Matthew Harwood

Jungian Analysis, Psychotherapy, Internal Family Systems

Befriending a Dragon takes courage & determination.

Interview (6m) with Dr Richard  Schwartz on how to work with an ‘Inner Critic’.

Working With Your ‘Inner Critic’

Internal Family Systems (IFS) is an excellent way of working with an ‘Inner Critic’. These is a part which often feels like an internal voice or a judging part. It tends to hurl verbal ‘missiles’ at us and says things like:-

• ‘You’re no good.’  ‘What makes you think that you can go back to work and start a new job?’
• ‘You’re just a lazy so-and-so.’  ‘You’ll never make anything in life!’
• ‘It’s no wonder your relationships always go pear-shaped.’  ‘You’re ‘unloveable!’
• ‘Some people are so fundamentally flawed that they can never get healing.’  ‘Maybe that’s you?’
• ‘Here we go again’  ‘This is bound to go wrong.  Just like always!’

Some people call this kind of part the ‘Judge’, or the ‘Inner Prosecutor’, or the ‘Saboteur’. Sometimes it wears the clothes, and adopts the voice, of a father, a mother, or a teacher from schooldays. We all have at least one ‘Inner Critic’ part and, for many of us, such a part has a tendency to diminish us, to drag us down, and to hinder us from achieving our full potential. In some extreme cases, it can even ruin our lives.

The ‘Victim’ & the ‘Defender’

Whenever there is an ‘Inner Critic’ part within the system there is always another, more hidden, part around: namely a vulnerable, little, fragile part which we could call the ‘Victim’. Typically such a part feels things like: full of shame, incompetent, unworthy, unloveable etc. It is the victim of the ‘Inner Critic’s’ attacks, and, more often than not, it quietly bleeds, unseen, beneath its withering blows.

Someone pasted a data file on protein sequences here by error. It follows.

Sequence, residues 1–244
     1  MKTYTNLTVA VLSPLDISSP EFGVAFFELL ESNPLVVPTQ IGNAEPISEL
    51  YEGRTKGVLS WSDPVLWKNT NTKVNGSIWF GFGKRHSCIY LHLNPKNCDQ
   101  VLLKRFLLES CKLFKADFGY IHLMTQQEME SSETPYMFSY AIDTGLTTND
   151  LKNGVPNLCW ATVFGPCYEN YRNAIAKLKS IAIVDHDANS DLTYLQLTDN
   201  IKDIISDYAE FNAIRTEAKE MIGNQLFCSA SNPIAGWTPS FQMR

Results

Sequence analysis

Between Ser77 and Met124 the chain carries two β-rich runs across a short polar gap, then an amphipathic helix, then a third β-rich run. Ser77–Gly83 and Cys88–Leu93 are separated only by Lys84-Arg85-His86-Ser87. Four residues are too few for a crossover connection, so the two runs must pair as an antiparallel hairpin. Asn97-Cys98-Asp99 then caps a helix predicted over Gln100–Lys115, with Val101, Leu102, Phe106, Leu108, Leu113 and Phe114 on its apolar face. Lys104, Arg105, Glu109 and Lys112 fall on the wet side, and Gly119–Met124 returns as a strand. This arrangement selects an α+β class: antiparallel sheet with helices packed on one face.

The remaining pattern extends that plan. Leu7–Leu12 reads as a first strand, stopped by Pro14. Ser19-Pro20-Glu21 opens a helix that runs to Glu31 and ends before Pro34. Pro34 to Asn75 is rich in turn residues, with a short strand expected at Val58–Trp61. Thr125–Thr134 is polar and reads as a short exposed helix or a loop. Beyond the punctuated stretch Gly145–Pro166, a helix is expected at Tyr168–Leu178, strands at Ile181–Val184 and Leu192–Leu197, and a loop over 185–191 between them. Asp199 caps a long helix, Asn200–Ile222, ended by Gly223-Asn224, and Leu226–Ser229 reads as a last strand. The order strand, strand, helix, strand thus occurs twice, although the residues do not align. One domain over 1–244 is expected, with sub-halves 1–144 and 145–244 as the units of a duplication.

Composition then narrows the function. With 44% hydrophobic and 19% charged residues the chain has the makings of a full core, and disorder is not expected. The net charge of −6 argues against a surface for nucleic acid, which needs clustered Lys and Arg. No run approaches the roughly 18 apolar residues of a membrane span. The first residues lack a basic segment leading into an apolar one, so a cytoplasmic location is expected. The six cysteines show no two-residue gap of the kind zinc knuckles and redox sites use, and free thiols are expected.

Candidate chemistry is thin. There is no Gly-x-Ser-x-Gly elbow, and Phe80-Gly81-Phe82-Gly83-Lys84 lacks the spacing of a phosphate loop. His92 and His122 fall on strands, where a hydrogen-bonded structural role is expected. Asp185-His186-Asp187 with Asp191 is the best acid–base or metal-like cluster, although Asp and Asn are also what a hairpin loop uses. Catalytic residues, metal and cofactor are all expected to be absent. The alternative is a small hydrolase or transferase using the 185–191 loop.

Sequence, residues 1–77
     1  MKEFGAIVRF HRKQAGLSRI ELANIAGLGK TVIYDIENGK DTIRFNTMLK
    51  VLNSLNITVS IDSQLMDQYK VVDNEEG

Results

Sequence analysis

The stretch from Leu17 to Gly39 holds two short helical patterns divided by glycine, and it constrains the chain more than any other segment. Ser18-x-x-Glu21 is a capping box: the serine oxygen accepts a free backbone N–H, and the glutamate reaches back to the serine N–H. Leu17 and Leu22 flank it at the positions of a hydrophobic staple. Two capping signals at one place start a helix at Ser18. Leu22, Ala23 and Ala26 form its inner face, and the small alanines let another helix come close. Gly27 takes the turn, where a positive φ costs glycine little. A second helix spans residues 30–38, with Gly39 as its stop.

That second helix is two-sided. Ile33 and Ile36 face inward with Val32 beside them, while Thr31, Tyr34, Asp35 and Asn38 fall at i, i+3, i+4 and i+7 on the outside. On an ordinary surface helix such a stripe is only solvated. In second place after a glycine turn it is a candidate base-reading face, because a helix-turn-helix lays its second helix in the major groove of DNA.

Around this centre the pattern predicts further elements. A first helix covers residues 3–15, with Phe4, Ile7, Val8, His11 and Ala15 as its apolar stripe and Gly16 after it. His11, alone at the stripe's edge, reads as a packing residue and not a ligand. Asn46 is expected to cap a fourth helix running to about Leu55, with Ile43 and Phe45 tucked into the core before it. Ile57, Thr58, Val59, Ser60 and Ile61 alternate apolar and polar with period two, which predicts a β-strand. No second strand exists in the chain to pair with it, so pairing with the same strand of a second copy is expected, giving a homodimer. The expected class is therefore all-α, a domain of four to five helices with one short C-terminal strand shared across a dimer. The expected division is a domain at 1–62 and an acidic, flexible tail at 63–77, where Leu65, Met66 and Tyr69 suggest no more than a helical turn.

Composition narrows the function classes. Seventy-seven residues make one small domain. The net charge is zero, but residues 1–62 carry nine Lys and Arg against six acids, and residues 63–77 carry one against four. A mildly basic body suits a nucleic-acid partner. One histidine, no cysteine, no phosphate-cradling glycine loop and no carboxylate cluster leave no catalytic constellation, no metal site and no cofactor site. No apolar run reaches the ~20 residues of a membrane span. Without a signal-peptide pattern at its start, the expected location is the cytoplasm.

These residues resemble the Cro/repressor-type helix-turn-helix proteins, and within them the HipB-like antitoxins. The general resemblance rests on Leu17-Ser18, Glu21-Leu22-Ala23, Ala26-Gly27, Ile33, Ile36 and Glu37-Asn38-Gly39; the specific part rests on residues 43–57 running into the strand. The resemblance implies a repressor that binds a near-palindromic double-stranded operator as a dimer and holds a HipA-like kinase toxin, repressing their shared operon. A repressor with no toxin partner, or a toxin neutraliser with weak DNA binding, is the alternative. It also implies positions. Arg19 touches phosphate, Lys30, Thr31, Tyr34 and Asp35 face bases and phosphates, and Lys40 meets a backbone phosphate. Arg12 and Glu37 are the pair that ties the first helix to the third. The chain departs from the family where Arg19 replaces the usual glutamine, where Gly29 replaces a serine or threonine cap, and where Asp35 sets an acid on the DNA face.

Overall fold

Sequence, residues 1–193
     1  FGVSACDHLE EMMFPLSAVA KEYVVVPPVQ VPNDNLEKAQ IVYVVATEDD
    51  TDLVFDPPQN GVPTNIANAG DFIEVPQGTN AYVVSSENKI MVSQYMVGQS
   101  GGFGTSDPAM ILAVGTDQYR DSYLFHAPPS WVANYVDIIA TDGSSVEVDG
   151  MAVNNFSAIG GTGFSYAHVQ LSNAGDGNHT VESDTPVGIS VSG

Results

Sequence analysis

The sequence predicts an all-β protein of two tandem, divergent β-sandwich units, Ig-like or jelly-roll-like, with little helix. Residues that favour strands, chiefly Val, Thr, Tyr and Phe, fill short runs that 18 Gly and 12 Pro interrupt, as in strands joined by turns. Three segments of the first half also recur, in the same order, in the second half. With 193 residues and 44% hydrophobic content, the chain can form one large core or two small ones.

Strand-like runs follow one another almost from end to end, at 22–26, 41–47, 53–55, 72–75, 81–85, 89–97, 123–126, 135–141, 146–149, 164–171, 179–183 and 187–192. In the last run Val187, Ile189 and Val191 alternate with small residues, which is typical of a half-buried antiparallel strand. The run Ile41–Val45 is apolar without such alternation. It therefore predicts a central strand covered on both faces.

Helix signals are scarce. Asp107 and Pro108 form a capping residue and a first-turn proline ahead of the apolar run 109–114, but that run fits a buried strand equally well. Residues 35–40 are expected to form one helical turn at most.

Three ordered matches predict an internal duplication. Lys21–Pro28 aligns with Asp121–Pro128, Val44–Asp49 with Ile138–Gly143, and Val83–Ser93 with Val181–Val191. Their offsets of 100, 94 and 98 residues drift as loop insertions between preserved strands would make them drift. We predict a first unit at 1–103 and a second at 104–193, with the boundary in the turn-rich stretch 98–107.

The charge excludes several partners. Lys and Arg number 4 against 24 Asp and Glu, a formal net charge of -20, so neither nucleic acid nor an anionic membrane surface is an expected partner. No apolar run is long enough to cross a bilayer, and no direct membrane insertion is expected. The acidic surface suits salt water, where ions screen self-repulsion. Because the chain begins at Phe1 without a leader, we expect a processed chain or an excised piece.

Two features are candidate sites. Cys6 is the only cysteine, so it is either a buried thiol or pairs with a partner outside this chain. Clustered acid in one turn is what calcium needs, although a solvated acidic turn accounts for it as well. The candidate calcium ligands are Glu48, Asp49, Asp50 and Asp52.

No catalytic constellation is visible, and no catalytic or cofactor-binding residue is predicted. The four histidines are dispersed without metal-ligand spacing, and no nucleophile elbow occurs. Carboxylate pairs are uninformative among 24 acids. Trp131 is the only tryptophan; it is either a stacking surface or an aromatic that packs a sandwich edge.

And sometimes there is a third part around: a ‘Defender’ part which vainly tries to challenge the ‘Inner Critic’, to stand up to it, and to tell the ‘Victim’ part that it’s not so bad after all.

The IFS Approach

Some schools of therapy try to teach us to deal with your ‘Inner Critic’ by telling it to ‘shut up’, to ‘go away’, or to ‘back off’.  But these tactics never work – or, hardly ever, and not for long.

Bludgeoning  your ‘Inner Critic’ doesn’t work!

The IFS approach takes as its starting point the knowledge that, however sabotaging, the ‘Inner Critic’ is being in reality, it actually believes subjectively that it’s trying to help.  So, instead of treating it as an enemy, try a more friendly approach.  Get to know it.  And then work hard to build up a relationship of trust. Ask it to stop spewing out its ‘missiles’ for just a few minutes.  And then move the conversation on to a deeper level.  In particular, try to find out ‘why?’.  Why does it think it’s so important to do what it does?

More often than not the ‘Inner Critic’s’ behaviour is actually a response to fear. Frequently it turns out that the ‘Inner Critic’ part is actually trying to protect another hidden and wounded part of ourselves. In IFS we would call such a wounded part an ‘Exile’.  Most ‘Exiles’ get wounded in childhood, and then get frozen in time.  Heal the ‘Exile’ and the chances are the ‘Inner Critic’ will recognise that it longer needs to go on doing what it does. Parts can never disappear: but they can change roles.

Some people can do this work on their own. But ‘Inner Critics’ can be very strategic, and very tenacious. Most people need a therapist to guide them through the process.

SEE ALSO:    Internal Family Systems (IFS)